Laurence Scott’s parents, John and Emily, lived in Skipton, Yorkshire, where John Scott owned and managed a brewery. Laurence Scott was the third of four children, born on 21 December 1895 after Mary and John and before Dorothy Scott. In 1901 at the time of the census, 12-year-old John was a pupil / boarder at Dene C. of E. School in Caterham, Surrey. By the time of the 1911 census Laurence was being educated away from home; he is listed as a student / boarder at Denstone College, Staffordshire. John Scott had retired from business in the early years of the century and the family had by 1911 moved to Ilkley, West Yorkshire.
Laurence Scott’s surviving military records are sparse but it would appear that he volunteered very early in the war, joining the Duke of Wellington’s (West Riding) Regiment. He was assigned to A company of the 9th (Service) Battalion and his medal card shows that he disembarked in Boulogne on 15 July 1915. The 9th Battalion then came under the command of the 52nd Brigade in the 17th (Northern) Division. This division remained on the Western Front from 1915 to the Armistice; and in 1915 were deployed in the front lines in the southern area of the Ypres Salient. A number of battalions from the Duke of Wellington’s (West Riding) Regiment are reported near Elverdinghe during the Second Ypres campaign of 1915. From July to November 1915, they were billeted slightly behind the front line at Canal Bank, which was a series of dug-outs sufficient for an entire Company on the banks of the Ypres Canal. These dug-outs were not particularly liked by the men as they were damp and often dirty.
Laurence Scott was wounded on 24 November 1915 and admitted to the 51st Field Ambulance. He was transferred back to this country the following day. This was the first of three injuries which all involved repatriation, two of which were severe enough to have qualified him for permanent home service. On each occasion, however, Scott chose to return to his Regiment. He was finally discharged from the Army as unfit in February 1919.
That same year, he joined University College at Durham where he was an Arts student, studying arithmetic, algebra, English history and logic, and with the intention to enter Holy Orders. His attendance is noted as good for both the Michaelmas and Epiphany terms. He was also a keen sportsman, representing the Durham University on the rugby field against Edinburgh University - this despite his war wounds.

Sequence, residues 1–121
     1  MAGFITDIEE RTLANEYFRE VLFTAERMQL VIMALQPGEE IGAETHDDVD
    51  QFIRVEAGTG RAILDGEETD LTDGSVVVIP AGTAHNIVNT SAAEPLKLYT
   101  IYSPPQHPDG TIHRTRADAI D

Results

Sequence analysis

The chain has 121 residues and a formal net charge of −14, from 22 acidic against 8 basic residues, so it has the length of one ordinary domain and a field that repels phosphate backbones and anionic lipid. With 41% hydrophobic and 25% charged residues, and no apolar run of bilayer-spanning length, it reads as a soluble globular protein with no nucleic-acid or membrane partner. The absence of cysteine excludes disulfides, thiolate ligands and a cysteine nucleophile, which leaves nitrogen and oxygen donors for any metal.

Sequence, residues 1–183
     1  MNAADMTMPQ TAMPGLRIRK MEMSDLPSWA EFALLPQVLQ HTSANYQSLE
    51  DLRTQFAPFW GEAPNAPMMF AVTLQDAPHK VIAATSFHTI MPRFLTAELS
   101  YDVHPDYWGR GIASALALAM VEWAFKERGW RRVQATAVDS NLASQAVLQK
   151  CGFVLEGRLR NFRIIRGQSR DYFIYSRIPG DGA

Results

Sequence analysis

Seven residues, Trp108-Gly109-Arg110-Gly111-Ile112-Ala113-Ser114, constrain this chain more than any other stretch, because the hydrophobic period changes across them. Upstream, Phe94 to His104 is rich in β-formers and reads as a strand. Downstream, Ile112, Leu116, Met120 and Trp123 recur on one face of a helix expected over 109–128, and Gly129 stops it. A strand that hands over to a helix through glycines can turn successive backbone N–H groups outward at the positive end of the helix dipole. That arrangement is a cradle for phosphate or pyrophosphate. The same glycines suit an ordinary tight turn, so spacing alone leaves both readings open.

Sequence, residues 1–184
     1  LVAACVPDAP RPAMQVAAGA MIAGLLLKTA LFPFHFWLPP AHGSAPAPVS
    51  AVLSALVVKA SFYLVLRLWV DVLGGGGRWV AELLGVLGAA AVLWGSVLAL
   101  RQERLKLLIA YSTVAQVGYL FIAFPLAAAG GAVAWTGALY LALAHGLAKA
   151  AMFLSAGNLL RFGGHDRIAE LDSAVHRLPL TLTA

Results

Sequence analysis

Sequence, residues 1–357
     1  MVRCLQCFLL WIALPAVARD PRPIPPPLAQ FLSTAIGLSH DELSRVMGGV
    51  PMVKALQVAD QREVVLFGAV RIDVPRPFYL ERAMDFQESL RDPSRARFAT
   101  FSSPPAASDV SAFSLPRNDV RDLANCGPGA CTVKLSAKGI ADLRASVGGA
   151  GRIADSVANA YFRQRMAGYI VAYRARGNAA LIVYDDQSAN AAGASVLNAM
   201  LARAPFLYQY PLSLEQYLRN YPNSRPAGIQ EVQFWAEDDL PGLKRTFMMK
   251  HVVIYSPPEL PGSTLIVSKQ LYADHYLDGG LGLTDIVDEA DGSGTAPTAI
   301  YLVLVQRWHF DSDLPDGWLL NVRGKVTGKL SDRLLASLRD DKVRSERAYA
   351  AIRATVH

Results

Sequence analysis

During the Easter vacation whilst at home in Ilkley, he received disappointing news from a medical board which recommended that he stop studying at least for the rest of that year and get out into the open air as much as possible. The physical and psychological effects of his war service clearly still persisted, and regrettably overwhelmed him, for not long after this board made its decision Laurence Scott committed suicide.
"Dr Gibson had seen Mr Scott on 3rd April when he was suffering from depression. The witness thought the state of the young man’s mind was entirely due to the wounds he had received in the head, accentuated by the hard studies. One could quite realise that being under shell fire, and suffering such severe wounds, must have given a tremendous shock to the nervous and mental system. He had evidently been working very hard for his examinations, and the whole thing had told on him. The Coroner said he would certify in accordance with the medical evidence."
Yorkshire Post, 9 April 1920
Twenty-three First World War graves are situated in Ilkley Cemetery including those of Laurence Scott and three other members of the Duke of Wellington’s (West Riding) Regiment. His service is also remembered on the Ilkley Roll of Honour; on Panel 4 of the Ilkley St Margaret’s parish church memorial calvary cross, and on a brass memorial plaque in the Bishop Tunstall chapel, University College, Durham. Denstone College, Staffordshire, commemorates pupils lost in both world wars at the annual College Remembrance Service and on a number of memorials within the grounds.